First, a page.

Things to know about a landmark biodiversity agreement
After years of negotiations, the world has agreed a landmark deal to protect vanishing species and ecosystems, dubbed a "peace pact with nature" at the UN meeting in Montreal called COP15.
Here are some of its strengths, as well as where it fell short.
'30 by 30'
The cornerstone of the agreement is the so-called 30 by 30 goal—a pledge to protect 30 percent of the world's land and seas by 2030.
Currently, only about 17 percent of land and seven percent of oceans are protected. The oceans target had reportedly been opposed by some countries but made it into the final text.
And some experts had said 30 percent is a low aim, insisting that protecting 50 percent would be better.
About 80 percent of the Earth's remaining biodiverse land is currently managed by Indigenous people, and it's broadly recognized that biodiversity is better respected on Indigenous territory.
Activists wanted to make sure their rights are not trampled in the name of conservation—previous efforts to safeguard land have seen Indigenous communities marginalized or displaced in what has been dubbed "green colonialism."
In the end, Indigenous rights were addressed throughout the text, including in areas covered by the 30 by 30 pledge—safeguarding Indigenous peoples' right to remain stewards of land they use and ensuring they are not subject to mass evictions.
The International Indigenous Forum on Biodiversity praised the text for its "strong language on respect for the rights of Indigenous Peoples and local communities."
Finance remained the overriding question.
Developing countries say developed nations grew rich by exploiting their resources and the South should be paid to preserve its ecosystems.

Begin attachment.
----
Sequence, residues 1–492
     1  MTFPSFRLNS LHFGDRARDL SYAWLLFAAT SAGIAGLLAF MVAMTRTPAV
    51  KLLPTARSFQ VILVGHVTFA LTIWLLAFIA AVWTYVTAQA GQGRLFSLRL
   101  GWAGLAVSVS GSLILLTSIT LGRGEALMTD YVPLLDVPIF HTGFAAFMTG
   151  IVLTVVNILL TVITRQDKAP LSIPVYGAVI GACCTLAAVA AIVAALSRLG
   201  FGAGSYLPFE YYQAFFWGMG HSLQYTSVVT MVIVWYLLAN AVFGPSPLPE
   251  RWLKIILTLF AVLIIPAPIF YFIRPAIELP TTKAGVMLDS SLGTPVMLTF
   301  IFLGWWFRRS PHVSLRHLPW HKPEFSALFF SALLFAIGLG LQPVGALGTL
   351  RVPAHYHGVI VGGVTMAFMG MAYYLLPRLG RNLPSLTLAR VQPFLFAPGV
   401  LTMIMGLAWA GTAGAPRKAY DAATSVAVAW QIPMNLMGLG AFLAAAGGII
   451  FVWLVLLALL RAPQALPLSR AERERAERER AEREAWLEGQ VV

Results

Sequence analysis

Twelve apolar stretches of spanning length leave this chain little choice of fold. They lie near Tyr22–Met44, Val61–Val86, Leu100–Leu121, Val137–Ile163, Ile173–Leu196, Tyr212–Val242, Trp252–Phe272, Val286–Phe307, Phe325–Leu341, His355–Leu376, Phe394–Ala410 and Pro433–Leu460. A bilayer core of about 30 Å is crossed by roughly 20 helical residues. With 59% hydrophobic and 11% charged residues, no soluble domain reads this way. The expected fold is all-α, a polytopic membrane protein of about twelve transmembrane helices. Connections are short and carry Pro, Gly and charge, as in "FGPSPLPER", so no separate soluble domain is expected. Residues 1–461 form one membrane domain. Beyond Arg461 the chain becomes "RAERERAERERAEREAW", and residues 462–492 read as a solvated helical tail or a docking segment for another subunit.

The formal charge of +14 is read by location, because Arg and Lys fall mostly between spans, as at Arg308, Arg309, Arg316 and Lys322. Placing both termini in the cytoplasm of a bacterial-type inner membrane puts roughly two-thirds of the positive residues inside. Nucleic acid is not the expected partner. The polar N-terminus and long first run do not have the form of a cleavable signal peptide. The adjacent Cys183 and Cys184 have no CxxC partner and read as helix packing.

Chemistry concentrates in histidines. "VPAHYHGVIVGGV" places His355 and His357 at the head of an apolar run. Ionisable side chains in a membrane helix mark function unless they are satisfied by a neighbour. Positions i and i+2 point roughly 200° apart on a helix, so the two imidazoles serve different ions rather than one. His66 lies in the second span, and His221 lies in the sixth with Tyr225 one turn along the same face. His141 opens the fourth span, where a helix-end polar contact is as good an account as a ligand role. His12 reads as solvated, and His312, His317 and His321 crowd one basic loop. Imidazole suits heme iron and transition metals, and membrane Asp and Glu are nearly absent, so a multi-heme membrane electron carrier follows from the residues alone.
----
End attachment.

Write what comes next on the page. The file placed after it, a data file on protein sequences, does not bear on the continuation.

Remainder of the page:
In the end, the text approves the objective for rich countries to provide "at least US$20 billion per year by 2025, and ... at least US$30 billion per year by 2030," approximately double and then triple the current international aid for biodiversity.
It also includes new language that mentions funding from "developed countries, and from countries that voluntarily assume obligations of developed country parties," which a Western source told AFP was meant to involve the United States.
Washington is not formally a part of the Convention on Biological Diversity but supportive of its goals.
Developing countries were also seeking a new funding mechanism, as a signal of the rich world's commitment to this goal, but developed nations said it would take several years to create.
In the end, a halfway solution was adopted: creating a "trust fund" within an existing financial mechanism called the Global Environment Facility, as a stepping stone to a new fund in the future.
What was missing
An overriding concern by campaigners was that the final text did not contain enough "milestones"—key statistical measures countries should achieve before the year 2050.
For example, the text says human-induced extinction of known threatened species is halted, and, by 2050, extinction rate and risk of all species are reduced tenfold—but there aren't targets that countries must hit before that year.
Also watered down was a mandate for businesses to assess and report on the biodiversity impacts—instead they are merely "encouraged" to do so.
© 2022 AFP